I've never visited Nova Scotia, but it's one of the places I aspire to see before I die. Photographer Judy Malley has provided me with such a comprehensive glimpse of its many beauties.
All her Nova Scotia photographs just pulled me right in---it took me forever to choose which ones to use because there were so many that moved me.
The ones I picked are magnificent, but you can click on her Flickr photostream and see many more equally so. .
NOTICE: All of the following photos are used by permission of the photographer. Many are available for restricted use under a Creative Commons license----but do NOT copy or use these photographs without first consulting the terms of the applicable license!
The first photograph is a sort of iconic image of Nova Scotia, at least as it exists in my mind. I love the angularity of the building, which looks almost like a drawing, against that dreaming cloud-streaked blue and lavender sky. And I am always drawn to any photograph combining red, white, and green. According to the photographer, this is "the historic Gilbert's Cove lighthouse."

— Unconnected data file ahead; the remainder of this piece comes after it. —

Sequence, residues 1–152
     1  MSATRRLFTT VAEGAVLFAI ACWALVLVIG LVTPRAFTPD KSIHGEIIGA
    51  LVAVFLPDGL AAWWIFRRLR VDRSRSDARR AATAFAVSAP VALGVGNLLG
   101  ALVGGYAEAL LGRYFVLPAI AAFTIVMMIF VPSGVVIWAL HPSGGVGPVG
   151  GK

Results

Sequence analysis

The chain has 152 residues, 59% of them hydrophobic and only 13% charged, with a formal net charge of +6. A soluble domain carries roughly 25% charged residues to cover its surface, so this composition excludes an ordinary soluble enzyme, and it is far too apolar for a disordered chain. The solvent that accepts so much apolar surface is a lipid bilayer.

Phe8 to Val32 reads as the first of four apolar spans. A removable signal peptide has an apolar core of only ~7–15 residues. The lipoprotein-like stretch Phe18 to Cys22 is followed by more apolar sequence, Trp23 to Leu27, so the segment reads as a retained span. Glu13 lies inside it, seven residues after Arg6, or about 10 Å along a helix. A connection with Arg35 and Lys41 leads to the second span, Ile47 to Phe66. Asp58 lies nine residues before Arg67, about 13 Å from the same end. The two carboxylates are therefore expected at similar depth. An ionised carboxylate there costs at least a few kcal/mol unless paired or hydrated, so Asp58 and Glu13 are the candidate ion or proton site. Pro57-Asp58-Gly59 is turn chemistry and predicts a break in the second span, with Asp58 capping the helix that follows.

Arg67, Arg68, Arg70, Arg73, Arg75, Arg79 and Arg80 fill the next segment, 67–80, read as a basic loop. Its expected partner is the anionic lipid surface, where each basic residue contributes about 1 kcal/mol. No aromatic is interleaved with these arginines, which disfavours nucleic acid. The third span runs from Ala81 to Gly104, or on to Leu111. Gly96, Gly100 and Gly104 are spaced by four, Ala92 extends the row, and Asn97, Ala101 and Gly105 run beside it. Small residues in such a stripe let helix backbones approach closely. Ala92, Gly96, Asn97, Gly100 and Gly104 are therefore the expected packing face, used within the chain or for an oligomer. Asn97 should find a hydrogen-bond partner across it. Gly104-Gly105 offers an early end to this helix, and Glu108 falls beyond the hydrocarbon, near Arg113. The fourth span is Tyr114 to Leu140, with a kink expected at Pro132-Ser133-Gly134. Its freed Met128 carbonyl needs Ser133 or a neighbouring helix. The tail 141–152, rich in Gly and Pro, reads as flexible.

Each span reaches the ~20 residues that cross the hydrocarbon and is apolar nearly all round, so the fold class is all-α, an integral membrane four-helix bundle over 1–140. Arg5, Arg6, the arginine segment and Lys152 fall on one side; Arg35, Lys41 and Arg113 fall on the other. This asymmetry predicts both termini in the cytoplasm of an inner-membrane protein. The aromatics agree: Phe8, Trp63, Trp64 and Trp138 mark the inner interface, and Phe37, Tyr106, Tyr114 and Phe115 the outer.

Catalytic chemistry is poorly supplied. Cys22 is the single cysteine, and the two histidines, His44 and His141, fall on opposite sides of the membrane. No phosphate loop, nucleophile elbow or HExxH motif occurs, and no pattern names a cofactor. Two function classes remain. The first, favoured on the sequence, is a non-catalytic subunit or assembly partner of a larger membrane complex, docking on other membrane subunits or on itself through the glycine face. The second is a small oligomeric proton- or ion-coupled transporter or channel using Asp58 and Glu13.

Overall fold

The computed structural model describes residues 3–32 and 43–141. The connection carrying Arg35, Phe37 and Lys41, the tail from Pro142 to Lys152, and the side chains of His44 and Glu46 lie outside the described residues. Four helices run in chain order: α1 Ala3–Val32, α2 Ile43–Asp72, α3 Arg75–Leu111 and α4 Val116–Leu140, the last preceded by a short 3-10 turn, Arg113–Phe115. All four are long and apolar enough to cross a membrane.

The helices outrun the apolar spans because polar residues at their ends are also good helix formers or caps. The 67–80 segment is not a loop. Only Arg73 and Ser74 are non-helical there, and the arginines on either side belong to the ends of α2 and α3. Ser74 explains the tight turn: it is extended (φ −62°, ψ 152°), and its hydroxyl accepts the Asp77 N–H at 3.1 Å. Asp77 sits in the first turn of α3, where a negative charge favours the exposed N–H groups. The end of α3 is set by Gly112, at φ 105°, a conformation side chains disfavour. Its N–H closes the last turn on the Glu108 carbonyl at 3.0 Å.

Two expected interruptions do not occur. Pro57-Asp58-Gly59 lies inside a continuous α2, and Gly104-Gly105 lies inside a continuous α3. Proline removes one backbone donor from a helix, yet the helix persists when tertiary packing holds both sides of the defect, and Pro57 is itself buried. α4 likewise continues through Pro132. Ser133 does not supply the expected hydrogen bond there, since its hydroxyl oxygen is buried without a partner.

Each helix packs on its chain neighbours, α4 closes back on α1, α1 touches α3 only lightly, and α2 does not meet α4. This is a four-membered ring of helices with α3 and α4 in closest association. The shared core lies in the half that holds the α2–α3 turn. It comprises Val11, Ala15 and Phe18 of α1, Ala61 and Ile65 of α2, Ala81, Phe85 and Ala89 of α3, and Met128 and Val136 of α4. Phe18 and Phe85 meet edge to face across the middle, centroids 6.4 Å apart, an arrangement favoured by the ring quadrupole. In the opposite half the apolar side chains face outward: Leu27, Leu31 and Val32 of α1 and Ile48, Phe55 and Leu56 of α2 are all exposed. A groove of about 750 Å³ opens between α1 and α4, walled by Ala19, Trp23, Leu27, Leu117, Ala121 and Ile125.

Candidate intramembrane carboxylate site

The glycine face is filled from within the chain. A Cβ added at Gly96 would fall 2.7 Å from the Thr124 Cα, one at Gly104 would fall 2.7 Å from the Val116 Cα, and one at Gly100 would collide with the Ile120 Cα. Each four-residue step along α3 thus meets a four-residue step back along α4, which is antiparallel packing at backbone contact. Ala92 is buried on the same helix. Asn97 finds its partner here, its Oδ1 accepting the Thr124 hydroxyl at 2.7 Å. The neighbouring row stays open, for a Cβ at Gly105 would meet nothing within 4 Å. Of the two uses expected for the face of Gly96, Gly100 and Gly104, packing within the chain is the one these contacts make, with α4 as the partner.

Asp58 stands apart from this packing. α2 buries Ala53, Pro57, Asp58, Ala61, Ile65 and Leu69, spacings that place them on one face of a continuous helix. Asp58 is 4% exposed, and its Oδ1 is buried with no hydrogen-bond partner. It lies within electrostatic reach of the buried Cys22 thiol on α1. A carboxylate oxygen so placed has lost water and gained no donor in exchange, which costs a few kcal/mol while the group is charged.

This gorgeous panoramic shot was taken from the window of Gilbert's Cove lighthouse. What would that be like, I wonder? I love the intense emerald against the silvery rocks, and the ethereal blue tint of the water somewhere between slate grey and blue. And the mountains in the background are an unabashed blue against the greenish blue of the sky. What a breath-taking tribute to the middle of the spectrum.
More of those intense greens and auric blues, but what really sold this for me was the little white flowers---lupines, I believe---like stars among the grass..... An amazing photograph when you look long enough to see what those misty blues are concealing. This photograph was taken at Reservoir Park in Wolfville, Nova Scotia (on the Bay of Fundy).
Here's a complete change of pace: bricks and stone and a completely domesticated blossoming bush. This is another shot from the town of Wolfville. Ya'll know I love photographs of buildings and architectural details, right?